What is the hardest expenditure in your budget to maintain at a reasonable level?

Without a doubt – it is eating out. Since I have a limited amount of time to work on houses due to my full time job, I am much more inclined to pick up fast food rather than waste that valuable time cooking and cleaning up afterward. At least that’s what I tell myself. I am now trying to cook freezer meals on the weekend so during the week there is less wasted time.

What would you tell yourself if you could go back and in time and talk to “you” from ten years ago?

1. Buy $5,000 worth of Priceline Stock.
2. A Bachelor’s Degree is plenty, you crazy over-achiever!

Where do you want to go from here? What are your goals for the future?

I will become debt free eventually. I just sold a flip house and took the profit and bought a cheap foreclosed house with “good bones” with no mortgage. In essence we closed our business to tackle debt. We are now rehabbing this house to replace the house we currently live in to eliminate our $1,000 a month mortgage. It will be amazing to be mortgage free. That $1,000 a month in savings is going to be the plow that helps me start the debt snowball that will eventually knock over and defeat the mountain of student loan debt hanging over my head.

My favorite saying is “if there is a will, there is a way,”and if there is a way, I will find it. 😛

Awesome! You are an inspiration! Thank you so much, Lisa.

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  • Vivian

    Love this, Lisa. I’m in a boatload of debt too and it’s only going to get worse (need a Master’s degree to progress in my line of work, which will eventually bring me to about $100k in debt). I only expect to be making $80k a year, but given cost of living in my city, that’s not much. What are some of your biggest tips for tackling such a huge amount of debt?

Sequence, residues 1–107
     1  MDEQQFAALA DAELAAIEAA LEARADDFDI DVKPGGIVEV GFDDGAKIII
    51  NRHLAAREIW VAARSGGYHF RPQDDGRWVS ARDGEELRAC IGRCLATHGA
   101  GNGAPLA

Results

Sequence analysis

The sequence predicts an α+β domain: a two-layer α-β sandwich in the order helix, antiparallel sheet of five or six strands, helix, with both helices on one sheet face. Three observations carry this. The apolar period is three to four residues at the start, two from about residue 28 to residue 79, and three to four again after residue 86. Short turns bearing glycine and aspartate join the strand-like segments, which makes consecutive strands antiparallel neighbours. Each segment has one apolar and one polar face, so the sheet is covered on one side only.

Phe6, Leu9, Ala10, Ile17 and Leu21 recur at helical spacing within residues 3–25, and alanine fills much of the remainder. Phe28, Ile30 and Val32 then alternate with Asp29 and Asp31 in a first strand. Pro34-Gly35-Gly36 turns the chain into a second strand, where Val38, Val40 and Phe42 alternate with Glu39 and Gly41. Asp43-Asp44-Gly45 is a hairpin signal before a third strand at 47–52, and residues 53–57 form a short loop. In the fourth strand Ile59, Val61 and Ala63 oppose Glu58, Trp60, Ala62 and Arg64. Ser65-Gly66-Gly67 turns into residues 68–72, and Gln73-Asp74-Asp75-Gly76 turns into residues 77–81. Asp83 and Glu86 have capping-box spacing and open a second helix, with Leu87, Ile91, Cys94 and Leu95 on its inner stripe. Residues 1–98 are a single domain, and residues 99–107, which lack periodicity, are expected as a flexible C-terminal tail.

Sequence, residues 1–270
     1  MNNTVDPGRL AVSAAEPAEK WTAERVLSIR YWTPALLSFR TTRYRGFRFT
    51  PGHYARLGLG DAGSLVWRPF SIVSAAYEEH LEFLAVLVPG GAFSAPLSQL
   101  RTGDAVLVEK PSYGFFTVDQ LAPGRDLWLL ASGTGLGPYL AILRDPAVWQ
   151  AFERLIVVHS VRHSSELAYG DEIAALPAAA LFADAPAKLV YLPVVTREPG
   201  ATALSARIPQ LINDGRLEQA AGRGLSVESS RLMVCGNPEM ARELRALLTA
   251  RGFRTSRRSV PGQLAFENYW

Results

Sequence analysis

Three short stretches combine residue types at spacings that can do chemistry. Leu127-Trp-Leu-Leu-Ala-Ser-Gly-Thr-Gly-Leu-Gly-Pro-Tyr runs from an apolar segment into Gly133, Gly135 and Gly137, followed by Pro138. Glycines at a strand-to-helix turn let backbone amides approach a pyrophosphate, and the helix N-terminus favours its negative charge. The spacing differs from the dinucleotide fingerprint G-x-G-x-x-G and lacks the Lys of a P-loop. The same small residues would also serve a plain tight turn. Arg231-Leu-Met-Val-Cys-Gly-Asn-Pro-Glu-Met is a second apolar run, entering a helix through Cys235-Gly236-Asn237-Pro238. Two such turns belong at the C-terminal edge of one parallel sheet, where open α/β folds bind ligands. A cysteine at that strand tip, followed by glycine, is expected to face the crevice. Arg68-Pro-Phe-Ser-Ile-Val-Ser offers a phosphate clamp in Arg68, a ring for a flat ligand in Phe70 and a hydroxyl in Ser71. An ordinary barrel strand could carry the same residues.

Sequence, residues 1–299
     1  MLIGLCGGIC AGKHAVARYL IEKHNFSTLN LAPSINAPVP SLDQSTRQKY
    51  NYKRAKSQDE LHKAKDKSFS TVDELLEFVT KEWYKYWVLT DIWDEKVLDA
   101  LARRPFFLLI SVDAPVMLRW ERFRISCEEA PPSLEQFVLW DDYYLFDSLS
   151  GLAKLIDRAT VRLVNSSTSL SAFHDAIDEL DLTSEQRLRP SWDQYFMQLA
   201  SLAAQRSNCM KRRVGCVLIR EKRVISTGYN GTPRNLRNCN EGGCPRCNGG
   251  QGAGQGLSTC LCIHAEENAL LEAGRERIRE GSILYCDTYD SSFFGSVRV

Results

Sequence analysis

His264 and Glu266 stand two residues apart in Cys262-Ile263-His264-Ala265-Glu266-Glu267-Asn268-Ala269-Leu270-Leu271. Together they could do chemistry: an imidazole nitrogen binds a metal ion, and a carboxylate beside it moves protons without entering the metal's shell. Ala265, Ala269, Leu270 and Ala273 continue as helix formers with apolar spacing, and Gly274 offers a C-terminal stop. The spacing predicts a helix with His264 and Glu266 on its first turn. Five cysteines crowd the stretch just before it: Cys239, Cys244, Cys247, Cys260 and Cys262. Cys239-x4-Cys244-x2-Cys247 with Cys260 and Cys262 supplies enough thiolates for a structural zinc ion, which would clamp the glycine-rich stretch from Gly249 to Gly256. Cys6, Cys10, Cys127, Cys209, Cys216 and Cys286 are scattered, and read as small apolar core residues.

• Glad you liked the post, Vivian! See Lisa’s reply above. And good luck with your student loans!

  • Lisa Kovac

    Oh, Vivian, thank you so much for your kind words. My biggest motivator was taking the Financial Peace University class from Dave Ramsey, that was before I learned about ReadyForZero. I still go by Ramsey’s principles but love the camaraderie of ReadyForZero and they are a big part of my motivation to keep going. My second largest wake up call was to put down the debit card and start paying cash for almost everything. There are studies that prove that your brain has a chemical reaction when you pay cash that it does not have when you use a debit card. I made some radical changes in my life, and reevaluated all my spending. I felt when the debt is as big as mine at my age, you have to do something radical, and that’s exactly what I’m doing.
    Also, read everything you can get your hands on about debt reduction. You will pick up a lot of different tricks from experts in the field. Most of all, have confidence that you can tackle it. Without that confidence, you will have a very hard time staying motivated as long as you will need to in order to eliminate such a large amount of debt. And don’t be afraid to toot your own horn because it will be an amazing accomplishment and you will deserve the tooting! So keep tooting Vivian…Toot on! 😉

    • Great suggestions, Lisa! Thanks for sharing these with our readers.

      • Lisa Kovac

        Sure thing, Ben, although I must also add that it might not be too wise to take advice from someone who is in a worse position than you! HA!